In one embodiment, the invention provides a burnable coil holder assembly having a base member. Extending upwardly from the base member are a spade suitable to support a burnable coil and an array of nonmetallic support peaks positioned around the spade that are suitable to support the burnable coil if the coil sags onto them. The spade extends higher than the support peaks.
The array can be in the shape of a cross having four arms, with the spade being positioned adjacent a junction between arms of the cross. Alternatively, the array can be in the shape of a spiral, with the spade being positioned adjacent a radially inward portion of the spiral. The spiral may be an array of separate support peaks that are so positioned that a line drawn sequentially outwardly from peak to peak, from the innermost peak to the next innermost and so forth, will define a rough spiral, or the spiral may be defined by one or more curving ridges, each having a single narrow, upwardly presented ridge edge that can support a sagging coil on a knife edge. The upwardly presented ridge edges are positioned to be under a correspondingly spiral shaped coil held on the spade. Other array configurations are also possible, preferably where the array has at least four of such support peaks.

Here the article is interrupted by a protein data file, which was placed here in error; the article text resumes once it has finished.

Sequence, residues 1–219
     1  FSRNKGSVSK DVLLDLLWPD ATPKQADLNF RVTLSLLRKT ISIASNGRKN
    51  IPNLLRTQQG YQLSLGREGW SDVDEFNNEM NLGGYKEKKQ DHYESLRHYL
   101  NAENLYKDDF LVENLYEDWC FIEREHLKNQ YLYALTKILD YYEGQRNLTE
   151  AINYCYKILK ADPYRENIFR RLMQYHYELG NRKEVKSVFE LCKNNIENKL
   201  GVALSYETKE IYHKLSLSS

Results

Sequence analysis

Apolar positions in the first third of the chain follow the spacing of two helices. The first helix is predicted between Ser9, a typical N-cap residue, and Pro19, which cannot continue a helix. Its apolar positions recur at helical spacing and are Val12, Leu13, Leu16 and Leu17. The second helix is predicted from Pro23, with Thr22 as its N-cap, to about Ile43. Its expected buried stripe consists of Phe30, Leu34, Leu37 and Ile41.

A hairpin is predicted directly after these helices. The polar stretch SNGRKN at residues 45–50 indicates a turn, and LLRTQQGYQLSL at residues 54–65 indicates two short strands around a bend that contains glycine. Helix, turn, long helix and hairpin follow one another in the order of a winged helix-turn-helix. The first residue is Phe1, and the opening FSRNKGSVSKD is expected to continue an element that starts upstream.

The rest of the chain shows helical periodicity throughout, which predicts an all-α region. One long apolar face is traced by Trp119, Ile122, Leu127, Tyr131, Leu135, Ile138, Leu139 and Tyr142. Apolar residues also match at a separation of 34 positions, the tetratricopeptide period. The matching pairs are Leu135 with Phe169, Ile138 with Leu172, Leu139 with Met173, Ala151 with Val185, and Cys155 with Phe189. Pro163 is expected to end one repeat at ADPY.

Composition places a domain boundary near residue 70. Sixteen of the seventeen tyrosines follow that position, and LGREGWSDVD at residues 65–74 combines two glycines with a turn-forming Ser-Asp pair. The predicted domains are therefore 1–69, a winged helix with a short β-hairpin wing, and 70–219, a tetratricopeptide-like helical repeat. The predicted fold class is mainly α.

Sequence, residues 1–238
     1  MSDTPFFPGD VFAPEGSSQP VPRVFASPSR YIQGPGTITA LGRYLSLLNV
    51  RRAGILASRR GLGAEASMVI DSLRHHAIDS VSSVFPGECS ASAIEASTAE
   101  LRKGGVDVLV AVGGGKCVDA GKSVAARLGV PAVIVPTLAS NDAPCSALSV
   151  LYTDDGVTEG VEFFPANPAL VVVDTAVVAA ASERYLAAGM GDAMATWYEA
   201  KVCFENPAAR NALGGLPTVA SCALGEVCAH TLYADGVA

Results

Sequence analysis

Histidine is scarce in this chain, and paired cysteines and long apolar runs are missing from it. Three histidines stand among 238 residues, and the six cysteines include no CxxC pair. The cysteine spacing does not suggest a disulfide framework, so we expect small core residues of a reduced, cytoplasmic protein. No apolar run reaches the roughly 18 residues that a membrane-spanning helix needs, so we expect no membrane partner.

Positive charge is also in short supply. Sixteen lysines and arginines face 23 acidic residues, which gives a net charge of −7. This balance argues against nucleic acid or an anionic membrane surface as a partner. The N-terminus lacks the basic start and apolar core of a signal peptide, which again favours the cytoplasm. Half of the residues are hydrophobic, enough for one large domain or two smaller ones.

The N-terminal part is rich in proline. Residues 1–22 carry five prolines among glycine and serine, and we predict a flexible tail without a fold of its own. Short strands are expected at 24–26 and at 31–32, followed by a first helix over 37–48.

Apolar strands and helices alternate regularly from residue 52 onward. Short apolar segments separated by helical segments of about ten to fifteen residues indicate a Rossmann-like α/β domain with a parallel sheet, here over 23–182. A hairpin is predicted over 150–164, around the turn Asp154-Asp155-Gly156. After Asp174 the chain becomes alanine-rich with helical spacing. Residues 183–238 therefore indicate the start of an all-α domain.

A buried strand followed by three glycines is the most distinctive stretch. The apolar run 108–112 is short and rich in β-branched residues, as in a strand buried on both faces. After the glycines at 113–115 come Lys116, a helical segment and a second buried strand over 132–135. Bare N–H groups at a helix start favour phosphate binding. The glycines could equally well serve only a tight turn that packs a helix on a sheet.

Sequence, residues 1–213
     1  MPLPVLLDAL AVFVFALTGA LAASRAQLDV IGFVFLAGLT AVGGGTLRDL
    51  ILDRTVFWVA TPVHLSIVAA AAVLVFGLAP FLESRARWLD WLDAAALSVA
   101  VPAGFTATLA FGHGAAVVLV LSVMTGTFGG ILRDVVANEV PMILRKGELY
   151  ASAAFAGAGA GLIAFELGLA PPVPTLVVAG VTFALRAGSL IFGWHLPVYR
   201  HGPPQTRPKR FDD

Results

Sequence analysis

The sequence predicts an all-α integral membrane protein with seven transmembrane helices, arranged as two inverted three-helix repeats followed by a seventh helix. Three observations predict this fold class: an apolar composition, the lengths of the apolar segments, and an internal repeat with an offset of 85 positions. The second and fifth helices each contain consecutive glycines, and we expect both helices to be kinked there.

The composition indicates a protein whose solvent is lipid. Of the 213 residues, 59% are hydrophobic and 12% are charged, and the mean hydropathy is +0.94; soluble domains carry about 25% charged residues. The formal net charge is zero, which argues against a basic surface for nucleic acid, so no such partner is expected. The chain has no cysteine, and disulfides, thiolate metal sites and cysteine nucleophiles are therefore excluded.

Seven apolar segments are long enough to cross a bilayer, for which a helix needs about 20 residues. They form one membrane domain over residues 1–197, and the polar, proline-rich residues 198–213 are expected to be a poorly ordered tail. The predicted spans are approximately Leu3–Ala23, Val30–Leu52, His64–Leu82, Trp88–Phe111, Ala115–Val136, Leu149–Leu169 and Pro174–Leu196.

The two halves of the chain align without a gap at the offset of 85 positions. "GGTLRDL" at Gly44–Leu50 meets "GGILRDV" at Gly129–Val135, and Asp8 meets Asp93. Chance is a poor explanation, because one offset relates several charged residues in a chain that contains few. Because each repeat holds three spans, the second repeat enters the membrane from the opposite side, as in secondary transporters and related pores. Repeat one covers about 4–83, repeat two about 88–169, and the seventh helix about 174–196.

The spade can be a part of a support member formed from a steel strip, the spade having a tapered upper portion adjacent to and above a plurality of outer side teeth, and a shoulder below and adjacent the outer side teeth. The support member also has one and preferably two legs below the side teeth together with additional teeth formed on an internal surface of the legs.